Last Monday the ROM hosted a sold-out lecture by Dr. Zahi Hawass in our Currelly gallery (Currelly was the ROM’s first collector of Egyptian antiquities). The ROM welcomed his free lecture on short notice as it coincided with the launch of our Centre for Ancient Cultures and new Ancient Egypt-themed programming. During the 90 minute lecture he extolled most of the Egyptian discoveries that he oversaw in his position as Egypt’s preeminent Archaeologist and briefly lamented the state of Ancient Egyptian archaeology since the 2011 revolution that toppled Hosni Mubarek. And the crowd soaked up every word. His passion was palpable.
Dr. Zahi Hawass is certainly a lightning rod, and has brought Ancient Egyptian antiquities into the international spotlight over the last decade with his ‘Indiana Jones’ persona. His piercing no-nonsense dominance slashes through bureaucracy, but it also compels him to make grandiose statements, as seen in the Chasing Mummies television series. He is also a tireless and successful advocate for the conservation of Egyptian antiquities and his obsession with the archaeology and the desire to have it controlled by Egyptians, not “foreigners”, clearly drives him, perhaps sometimes too far. Above all he has given Egyptology an Egyptian face.
Hawass Dynasty: During his career there have been numerous important developments including the discovery of the Tombs of the Pyramid Builders, the DNA reconstruction of King Tut’s family tree, extensive explorations of the Great Pyramid at Giza and the extremely popular King Tut museum exhibition. From the perspective of the tourism in Egypt, Hawass is a super star, and has certainly increased tourism. He claimed in his lecture that “Egyptians will never harm a foreigner. They will fight each other but never harm a foreigner,” clearly hoping to dispel fears of instability and unrest. He also mentioned several times that Egyptian tourism must increase again to fund the pyramid conservation efforts. He seemed to be encouraging the crowd to go visit Egyptian pyramids now, even showing an Egypt tourism video as his introduction. He no longer holds the post of Minister of Antiquities in Egypt. But he still tells the crowd “Go to Egypt.”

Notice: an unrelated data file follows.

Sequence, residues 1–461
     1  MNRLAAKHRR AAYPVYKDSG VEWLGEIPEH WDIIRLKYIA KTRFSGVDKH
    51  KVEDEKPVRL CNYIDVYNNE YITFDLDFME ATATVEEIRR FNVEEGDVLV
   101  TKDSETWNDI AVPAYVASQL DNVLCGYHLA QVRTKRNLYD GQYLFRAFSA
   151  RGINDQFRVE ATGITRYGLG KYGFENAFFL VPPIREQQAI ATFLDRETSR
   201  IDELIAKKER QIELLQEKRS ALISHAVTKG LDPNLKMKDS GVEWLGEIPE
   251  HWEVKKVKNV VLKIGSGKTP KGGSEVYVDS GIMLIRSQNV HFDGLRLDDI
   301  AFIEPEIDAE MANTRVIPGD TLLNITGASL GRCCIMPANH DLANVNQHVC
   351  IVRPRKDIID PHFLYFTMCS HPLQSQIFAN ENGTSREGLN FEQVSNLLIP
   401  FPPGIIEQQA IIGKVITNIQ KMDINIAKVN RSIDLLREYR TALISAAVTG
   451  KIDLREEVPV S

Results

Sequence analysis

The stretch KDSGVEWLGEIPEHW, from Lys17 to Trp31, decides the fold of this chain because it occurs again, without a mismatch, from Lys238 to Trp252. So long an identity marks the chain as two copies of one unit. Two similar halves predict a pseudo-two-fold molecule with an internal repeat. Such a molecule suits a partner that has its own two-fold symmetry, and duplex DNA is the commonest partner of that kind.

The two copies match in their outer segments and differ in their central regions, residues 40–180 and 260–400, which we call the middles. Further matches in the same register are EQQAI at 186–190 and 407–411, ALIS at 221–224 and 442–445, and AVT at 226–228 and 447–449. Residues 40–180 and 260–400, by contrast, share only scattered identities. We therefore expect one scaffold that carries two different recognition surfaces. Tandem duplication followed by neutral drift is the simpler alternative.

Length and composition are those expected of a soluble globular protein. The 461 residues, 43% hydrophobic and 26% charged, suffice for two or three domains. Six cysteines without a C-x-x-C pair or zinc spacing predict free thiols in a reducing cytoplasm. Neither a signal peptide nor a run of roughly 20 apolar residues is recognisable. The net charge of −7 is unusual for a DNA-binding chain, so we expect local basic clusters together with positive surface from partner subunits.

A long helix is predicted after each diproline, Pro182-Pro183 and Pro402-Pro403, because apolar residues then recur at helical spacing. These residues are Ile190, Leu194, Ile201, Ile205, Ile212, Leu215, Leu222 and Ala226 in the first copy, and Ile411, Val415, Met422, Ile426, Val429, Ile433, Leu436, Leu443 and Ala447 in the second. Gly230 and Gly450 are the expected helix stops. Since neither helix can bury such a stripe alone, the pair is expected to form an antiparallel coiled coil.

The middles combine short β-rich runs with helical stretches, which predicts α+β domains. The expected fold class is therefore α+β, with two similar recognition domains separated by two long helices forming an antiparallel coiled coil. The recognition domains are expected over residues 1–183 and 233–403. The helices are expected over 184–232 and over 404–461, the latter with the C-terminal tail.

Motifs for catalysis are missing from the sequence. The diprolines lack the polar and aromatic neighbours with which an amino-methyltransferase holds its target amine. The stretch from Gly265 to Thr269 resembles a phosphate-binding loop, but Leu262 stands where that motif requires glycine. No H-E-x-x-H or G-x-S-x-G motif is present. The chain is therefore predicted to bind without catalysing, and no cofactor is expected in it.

At the end of the night I found myself asking this: What is more important in terms of Egyptian site conservation, increasing tourism in Egypt or encouraging archaeological scholarship and field studies in Egypt?
Regardless of opinions on him at this point, the questions remain:
- would bringing back the Hawass Dynasty help Egyptian tourism,
- would it help the safeguarding of Egyptian sites and antiquities, and
- would it promote archaeological scholarship in the region?
For an in-depth June 2013 article on Dr. Zahi Hawass by Smithsonian Magazine, click here.